It is estimated 1 in 70 people are on the autism spectrum – a complex lifelong developmental disability which affects how a person thinks, feels, interacts with others, and experiences everyday situations.
World Autism Awareness Day is held on April 2nd and aims to increase understanding, acceptance, and inclusion of people on the autism spectrum. This day also marks the start of Autism Awareness Month in Australia and Autism Queensland’s annual Go Blue for Autism campaign.
No two autistic people are the same. A person on the autism spectrum may demonstrate:
- Strength in areas such as attention to detail, patience, technology skills, and logic skills or they could have greater memory for certain information.
- Strong passion for interests, and intense focus on particular objects and topics.
- Repetitive behaviours.
They may find the following things challenging:
- Developing, maintaining, and understanding relationships with other people.
- Using and understanding non-verbal communication such as gestures and eye contact.
- Coping with change and unexpected events.
- Tolerating certain sensations or fascinations such as sounds, textures and smells.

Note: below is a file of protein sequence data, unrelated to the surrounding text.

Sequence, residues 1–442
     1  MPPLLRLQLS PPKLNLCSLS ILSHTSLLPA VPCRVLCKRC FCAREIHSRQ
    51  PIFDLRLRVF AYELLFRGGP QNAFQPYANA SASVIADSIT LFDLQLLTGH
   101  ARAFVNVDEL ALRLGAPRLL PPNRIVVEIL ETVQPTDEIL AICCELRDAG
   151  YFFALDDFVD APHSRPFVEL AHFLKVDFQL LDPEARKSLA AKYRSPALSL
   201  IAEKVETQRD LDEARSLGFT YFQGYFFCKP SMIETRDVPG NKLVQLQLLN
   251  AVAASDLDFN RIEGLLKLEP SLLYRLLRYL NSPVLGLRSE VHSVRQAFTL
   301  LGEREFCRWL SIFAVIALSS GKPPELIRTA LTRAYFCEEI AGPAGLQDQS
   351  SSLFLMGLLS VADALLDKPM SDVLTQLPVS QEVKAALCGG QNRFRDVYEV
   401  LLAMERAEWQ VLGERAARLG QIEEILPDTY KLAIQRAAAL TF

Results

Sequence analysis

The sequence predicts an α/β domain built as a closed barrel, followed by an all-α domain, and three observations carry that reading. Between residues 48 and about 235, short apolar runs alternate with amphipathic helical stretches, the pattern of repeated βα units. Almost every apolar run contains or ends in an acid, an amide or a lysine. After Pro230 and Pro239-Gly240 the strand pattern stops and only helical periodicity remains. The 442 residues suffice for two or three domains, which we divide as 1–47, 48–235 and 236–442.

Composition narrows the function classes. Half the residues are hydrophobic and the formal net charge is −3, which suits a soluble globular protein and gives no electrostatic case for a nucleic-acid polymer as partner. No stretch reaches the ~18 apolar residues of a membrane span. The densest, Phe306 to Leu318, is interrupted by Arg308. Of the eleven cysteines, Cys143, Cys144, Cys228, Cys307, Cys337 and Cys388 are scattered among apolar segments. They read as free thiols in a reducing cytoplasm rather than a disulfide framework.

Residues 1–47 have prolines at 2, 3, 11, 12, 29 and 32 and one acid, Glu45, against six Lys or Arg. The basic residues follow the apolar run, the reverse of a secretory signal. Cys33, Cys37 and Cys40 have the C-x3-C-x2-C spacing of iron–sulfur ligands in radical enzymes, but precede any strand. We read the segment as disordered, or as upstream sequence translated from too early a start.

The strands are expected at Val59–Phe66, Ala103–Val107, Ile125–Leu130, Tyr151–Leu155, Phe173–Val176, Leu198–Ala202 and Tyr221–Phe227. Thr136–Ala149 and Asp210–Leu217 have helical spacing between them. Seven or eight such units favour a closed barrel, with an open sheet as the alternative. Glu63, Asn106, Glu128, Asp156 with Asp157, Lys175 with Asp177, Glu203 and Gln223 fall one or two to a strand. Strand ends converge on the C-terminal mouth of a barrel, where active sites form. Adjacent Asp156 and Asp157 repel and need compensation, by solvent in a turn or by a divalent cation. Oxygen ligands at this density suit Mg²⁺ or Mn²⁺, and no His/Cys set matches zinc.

CHALLENGES ASSOCIATED WITH AUTISM
People on the autism spectrum often experience other mental, physical or developmental conditions such as intellectual disabilities, epilepsy, gastro-intestinal issues, ADHD, dyspraxia, anxiety and depression.
The most common challenge faced by those with autism is not being understood or respected, which can affect their ability to feel supported in the community.
Far more males than females are diagnosed with Autism in Australia – in fact, four males are diagnosed on the spectrum to one female.
If you have any concerns about your child’s development or suspect they are on the autism spectrum, the home doctor experts at House Call Doctor recommend visiting your GP who can refer your child for an autism assessment. Getting a diagnosis as an adult may look different, however talking with your GP first can be helpful and they can refer you to other specialists.
A diagnosis can raise a range of emotions. There are plenty of resources, services, and support you can access, such as:
GO BLUE FOR AUTISM – HOW TO GET INVOLVED
- Host a Go Blue for Autism Day event to raise donations.
- Buy merchandise.
- Make a donation.
- Organise a blue themed fundraiser.
- Add a Go Blue Twibbon to your Facebook profile picture.
- Like the ‘Go Blue For Autism’ Facebook page and share with friends.